A double-entry inventory has no stock input, output (disparition of products) or transformation. Instead, all operations are stock moves between locations (possibly virtual).
Stock moves represent the transit of goods and materials between locations.
- Production Order
- 2 Wheels: Stock → Production1 Bike Frame: Stock → Production
- 1 Bicycle: Production → Stock
- Stock: the location the Manufacturing Order is initiated fromProduction: on the product form, field "Production Location"
1 Bicycle: Supplier → Customer
- Supplier: on the product formCustomer: on the sale order itself
- Client Delivery
- 1 Bicycle: Stock → Packing Zone
- 1 Bicycle: Packing Zone → Output
- 1 Bicycle: Output → Customer
- on the pick+pack+ship route for the warehouse
- Inter-Warehouse transfer
- 1 Bicycle: Warehouse 1 → Transit1 Bicycle: Transit → Warehouse 2
- Warehouse 2: the location the transfer is initiated fromWarehouse 1: on the transit route
- Broken Product (scrapped)
1 Bicycle: Warehouse → Scrap
- Scrap: Scrap Location when creating the scrapping
- Missing products in inventory
- 1 Bicycle: Warehouse → Inventory Loss
- Extra products in inventory
- 1 Bicycle: Inventory Loss → Warehouse
- Inventory Loss: "Inventory Location" field on the product
- 1 Bicycle: Supplier → Input1 Bicycle: Input → Stock
- Supplier: purchase order supplierInput: "destination" field on the purchase order
Inventory analysis can use products count or products value (= number of products * product cost).
For each inventory location, multiple data points can be analysed:
- inventory valuation
- value creation (difference between the value of manufactured products and the cost of raw materials used during manufacturing) (negative)
- value of lost/stolen products
- value of scrapped products
- value of products delivered to clients over a period
- value of products received from suppliers over a period (negative)
- value of products in transit between locations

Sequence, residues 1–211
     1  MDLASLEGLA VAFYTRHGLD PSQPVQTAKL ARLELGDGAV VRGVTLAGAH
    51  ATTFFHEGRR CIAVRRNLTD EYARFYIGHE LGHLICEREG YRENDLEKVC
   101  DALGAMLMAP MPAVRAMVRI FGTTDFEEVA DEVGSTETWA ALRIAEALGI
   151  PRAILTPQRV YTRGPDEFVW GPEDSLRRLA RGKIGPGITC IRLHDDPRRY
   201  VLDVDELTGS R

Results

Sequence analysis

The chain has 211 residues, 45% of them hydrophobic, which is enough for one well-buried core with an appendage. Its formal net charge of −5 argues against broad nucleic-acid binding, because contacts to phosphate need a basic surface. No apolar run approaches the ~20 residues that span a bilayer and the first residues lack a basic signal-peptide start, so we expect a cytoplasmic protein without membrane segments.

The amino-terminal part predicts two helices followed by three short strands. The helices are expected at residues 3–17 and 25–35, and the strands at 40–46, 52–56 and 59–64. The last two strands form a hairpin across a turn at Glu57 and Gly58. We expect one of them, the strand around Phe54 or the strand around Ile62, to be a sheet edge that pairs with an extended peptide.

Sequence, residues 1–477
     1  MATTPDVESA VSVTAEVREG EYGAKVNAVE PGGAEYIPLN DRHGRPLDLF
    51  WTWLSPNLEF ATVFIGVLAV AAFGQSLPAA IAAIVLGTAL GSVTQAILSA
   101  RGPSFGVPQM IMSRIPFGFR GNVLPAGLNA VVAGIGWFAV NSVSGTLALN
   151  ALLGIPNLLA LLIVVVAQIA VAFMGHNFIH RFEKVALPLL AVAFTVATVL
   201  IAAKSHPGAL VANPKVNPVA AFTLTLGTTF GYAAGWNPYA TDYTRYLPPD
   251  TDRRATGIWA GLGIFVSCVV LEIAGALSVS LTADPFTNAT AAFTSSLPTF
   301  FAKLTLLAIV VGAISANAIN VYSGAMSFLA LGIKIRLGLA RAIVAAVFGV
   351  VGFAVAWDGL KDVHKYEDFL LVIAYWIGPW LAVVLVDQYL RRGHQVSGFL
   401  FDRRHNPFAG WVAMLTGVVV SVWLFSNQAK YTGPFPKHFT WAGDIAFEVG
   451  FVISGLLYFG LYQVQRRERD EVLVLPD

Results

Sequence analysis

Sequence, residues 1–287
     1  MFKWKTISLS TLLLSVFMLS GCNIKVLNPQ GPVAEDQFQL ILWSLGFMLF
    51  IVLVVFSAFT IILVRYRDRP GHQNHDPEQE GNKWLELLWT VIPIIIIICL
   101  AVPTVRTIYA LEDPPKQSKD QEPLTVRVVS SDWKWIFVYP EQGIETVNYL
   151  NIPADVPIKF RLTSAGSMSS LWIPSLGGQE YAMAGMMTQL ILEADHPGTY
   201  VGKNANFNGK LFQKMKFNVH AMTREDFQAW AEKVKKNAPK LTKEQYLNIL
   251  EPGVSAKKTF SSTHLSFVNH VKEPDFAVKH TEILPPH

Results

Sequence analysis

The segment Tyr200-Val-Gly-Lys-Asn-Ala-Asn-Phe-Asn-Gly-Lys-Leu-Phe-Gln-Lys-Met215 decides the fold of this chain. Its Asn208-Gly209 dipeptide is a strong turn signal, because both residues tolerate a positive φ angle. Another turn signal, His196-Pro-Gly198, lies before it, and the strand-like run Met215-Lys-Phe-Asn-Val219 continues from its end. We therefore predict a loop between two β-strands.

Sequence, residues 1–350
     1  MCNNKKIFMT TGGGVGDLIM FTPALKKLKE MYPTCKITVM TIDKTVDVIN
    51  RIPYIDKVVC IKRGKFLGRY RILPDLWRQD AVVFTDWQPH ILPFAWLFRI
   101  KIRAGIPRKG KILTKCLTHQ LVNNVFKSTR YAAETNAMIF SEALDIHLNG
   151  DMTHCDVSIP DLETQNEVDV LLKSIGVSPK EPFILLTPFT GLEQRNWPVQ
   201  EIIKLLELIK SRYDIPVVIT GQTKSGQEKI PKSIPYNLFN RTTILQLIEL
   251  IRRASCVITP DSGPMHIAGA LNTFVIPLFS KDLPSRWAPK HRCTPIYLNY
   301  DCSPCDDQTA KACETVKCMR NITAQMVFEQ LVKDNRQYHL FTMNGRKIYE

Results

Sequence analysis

Procurements & Procurement Rules
A procurement is a request for a specific quantity of products to a specific location. They can be created manually or automatically triggered by:
- New sale orders
- A procurement is created at the customer location for every product ordered by the customer (you have to deliver the customer)
- Procurement Location: on the customer, field "Customer Location" (property)
- Minimum Stock Rules
- A procurement is created at the rule's location.
- Procurement location: on the rule, field "Location"
- Procurement rules
- A new procurement is created on the rule's source location
Procurement rules describe how procurements on specific locations should be fulfilled e.g.:
Procurement rules are grouped in routes. Routes define paths the product must follow. Routes may be applicable or not, depending on the products, sales order lines, warehouse,...
To fulfill a procurement, the system will search for rules belonging to routes that are defined in (by order of priority):
Warehouse Route Example: Pick → Pack → Ship
- Picking List:
- Pick Zone → Pack Zone
- Pack List:
- Pack Zone → Gate A
- Delivery Order:
- Gate A → Customer
Routes that describe how you organize your warehouse should be defined on the warehouse.
- A Product
Product Route Example: Quality Control
- Supplier → Input
- Input → Quality Control
- Quality Control → Stock
- Product Category
Product Category Route Example: cross-dock
- Supplier → Input
- Input → Output
- Output → Customer
- Sale Order Line
Sale Order Line Example: Drop-shipping
- Supplier → Customer
Push rules trigger when products enter a specific location. They automatically move the product to a new location. Whether a push rule can be used depends on applicable routes.
- Quality Control
- Product lands in Input
- Push 1: Input → Quality Control
- Push 2: Quality Control → Stock
- Warehouse Transit
- Product lands in Transit
- Push: Transit → Warehouse 2
Routes and rules define inventory moves. For every rule, a document type is provided:
- Delivery Order
- Purchase Order
Moves are grouped within the same document type if their procurement group and locations are the same.
A sale order creates a procurement group so that pickings and delivery orders of the same order are grouped. But you can define specific groups on reordering rules too. (e.g. to group purchases of specific products together)